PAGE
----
The works of God made visible

February 26, 2014

Dear brothers and sisters,

I am taking the good news today from John 9:1-5.

As he passed by he saw a man blind from birth. His disciples asked him, “Rabbi, who sinned, this man or his parents, that he was born blind?” Jesus answered, “Neither he nor his parents sinned; it is so that the works of God might be made visible through him. We have to do the works of the one who sent me while it is day. Night is coming when no one can work. While I am in the world, I am the light of the world.”

Jesus includes me and you in this story. He says that we have to do the works of God the Father while there is day, while there is time. Jesus, while he is in the world, is the light of day. I don’t think he was talking just about the time he literally walked the earth. I think he means as long as he is in our hearts, in our consciousness, he is in the world. That means that he is alive in me when I follow his teachings and treat others with compassion and justice. That’s how the works of God are made visible.

The matter of sin, which the disciples are focused on, is of no matter to Jesus. The disciples were men of their time, a time like ours still focused on sin instead of compassion, forgiveness, and mercy. Jesus told them that it was neither the sin of man nor his parents that caused his blindness. In this story Jesus cured the man’s blindness. Through the ages since we have looked to miracles from God to cure our ailments and our suffering. However, Jesus said that these can be used to show that the glory of God can overcome suffering. I have always had admiration for people who despite their limitations and suffering live in the joy of the love of God, accepting their reality without bitterness and self-pity. Often they accomplish feats that are remarkable even for able-bodied individuals. They are the light of the world for me, because they have embraced the love of God and let it shine.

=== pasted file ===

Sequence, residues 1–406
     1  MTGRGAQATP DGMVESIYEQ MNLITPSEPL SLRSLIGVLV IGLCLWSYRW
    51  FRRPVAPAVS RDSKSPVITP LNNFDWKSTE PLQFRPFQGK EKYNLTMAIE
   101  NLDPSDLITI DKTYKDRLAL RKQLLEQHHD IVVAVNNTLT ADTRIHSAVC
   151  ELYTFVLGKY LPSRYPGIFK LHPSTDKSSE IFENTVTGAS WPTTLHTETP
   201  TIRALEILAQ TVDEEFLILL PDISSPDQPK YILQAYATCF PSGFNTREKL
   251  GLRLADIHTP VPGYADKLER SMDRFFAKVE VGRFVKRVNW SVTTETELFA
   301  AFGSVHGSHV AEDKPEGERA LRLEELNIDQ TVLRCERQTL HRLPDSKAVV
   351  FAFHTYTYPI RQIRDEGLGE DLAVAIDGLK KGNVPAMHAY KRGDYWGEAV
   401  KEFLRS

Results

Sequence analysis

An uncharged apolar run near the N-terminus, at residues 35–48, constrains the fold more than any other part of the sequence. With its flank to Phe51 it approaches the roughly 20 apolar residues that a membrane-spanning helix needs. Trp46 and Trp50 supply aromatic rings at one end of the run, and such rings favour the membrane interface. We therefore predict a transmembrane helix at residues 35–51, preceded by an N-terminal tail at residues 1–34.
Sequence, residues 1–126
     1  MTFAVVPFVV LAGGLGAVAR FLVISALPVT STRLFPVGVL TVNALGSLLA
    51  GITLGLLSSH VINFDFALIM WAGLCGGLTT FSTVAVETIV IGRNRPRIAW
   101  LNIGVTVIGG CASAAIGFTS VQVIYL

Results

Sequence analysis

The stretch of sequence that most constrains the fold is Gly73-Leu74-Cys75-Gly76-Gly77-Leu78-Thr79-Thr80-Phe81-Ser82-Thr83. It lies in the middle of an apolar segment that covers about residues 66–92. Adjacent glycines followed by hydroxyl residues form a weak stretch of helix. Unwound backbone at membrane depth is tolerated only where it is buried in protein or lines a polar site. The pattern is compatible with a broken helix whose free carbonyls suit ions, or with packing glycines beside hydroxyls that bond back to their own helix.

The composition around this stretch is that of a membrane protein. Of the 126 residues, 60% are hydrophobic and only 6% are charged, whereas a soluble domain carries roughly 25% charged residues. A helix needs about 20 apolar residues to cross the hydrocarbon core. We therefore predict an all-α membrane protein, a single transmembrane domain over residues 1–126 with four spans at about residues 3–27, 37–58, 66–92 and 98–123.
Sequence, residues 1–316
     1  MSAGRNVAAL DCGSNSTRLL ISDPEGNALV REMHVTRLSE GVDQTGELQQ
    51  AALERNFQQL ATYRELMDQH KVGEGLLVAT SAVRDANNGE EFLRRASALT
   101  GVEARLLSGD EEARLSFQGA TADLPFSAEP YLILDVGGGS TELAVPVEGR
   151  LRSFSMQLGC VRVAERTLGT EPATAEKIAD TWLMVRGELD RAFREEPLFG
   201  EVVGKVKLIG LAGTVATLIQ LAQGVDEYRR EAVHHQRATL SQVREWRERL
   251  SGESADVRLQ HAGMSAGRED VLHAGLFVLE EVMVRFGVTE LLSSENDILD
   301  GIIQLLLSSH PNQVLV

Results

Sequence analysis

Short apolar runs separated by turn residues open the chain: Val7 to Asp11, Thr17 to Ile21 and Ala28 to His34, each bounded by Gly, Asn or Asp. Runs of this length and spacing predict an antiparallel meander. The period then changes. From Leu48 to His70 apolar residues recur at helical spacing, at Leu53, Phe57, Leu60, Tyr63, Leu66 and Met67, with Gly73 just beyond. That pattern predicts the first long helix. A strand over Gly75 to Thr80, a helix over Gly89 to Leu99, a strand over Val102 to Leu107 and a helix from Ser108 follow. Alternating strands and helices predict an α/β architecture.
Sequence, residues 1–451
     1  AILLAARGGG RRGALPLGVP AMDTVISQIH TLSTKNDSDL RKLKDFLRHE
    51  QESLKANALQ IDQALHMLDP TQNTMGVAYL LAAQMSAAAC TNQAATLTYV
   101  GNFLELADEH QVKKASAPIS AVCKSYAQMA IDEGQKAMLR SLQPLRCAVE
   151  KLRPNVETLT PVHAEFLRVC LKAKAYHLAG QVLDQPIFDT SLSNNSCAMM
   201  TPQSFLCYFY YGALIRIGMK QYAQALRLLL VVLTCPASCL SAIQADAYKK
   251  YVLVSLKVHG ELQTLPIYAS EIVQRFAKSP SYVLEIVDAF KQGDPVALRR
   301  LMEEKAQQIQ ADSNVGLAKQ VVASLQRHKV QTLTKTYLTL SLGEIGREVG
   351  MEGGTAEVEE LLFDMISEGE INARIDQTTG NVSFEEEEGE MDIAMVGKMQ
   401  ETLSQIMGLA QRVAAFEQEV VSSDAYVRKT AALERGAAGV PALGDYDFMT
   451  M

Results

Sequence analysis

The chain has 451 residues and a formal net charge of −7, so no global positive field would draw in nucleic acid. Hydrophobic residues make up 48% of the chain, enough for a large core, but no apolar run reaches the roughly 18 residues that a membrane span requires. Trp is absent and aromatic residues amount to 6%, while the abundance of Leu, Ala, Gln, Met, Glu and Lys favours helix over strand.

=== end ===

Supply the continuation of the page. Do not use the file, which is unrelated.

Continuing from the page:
Again and again Jesus tells us that we are overly fixated on sin. That’s not why he came into the world, to punish us or admonish us for our sins. We are all sinners; otherwise we would be God. The only ones he rebuked where those authorities who were focused on sin and the legalities of religious creed that caused them to reprimand and shun those who fell short in their observance of the laws. Jesus, on the contrary, consistently reached out in love. He sympathized with their plight; he took compassion on them in their suffering; he forgave their sins; he called them to be light in the world just as he was the light of the world. To him it wasn’t the sin that mattered whether it was one’s own doing or that of his parents. It was faith and remorse and a desire to be light in the world that mattered to him. That’s what reconciliation is all about, not sin. At least that’s what I take from this story.

Mike
mmaude@develop-net.com

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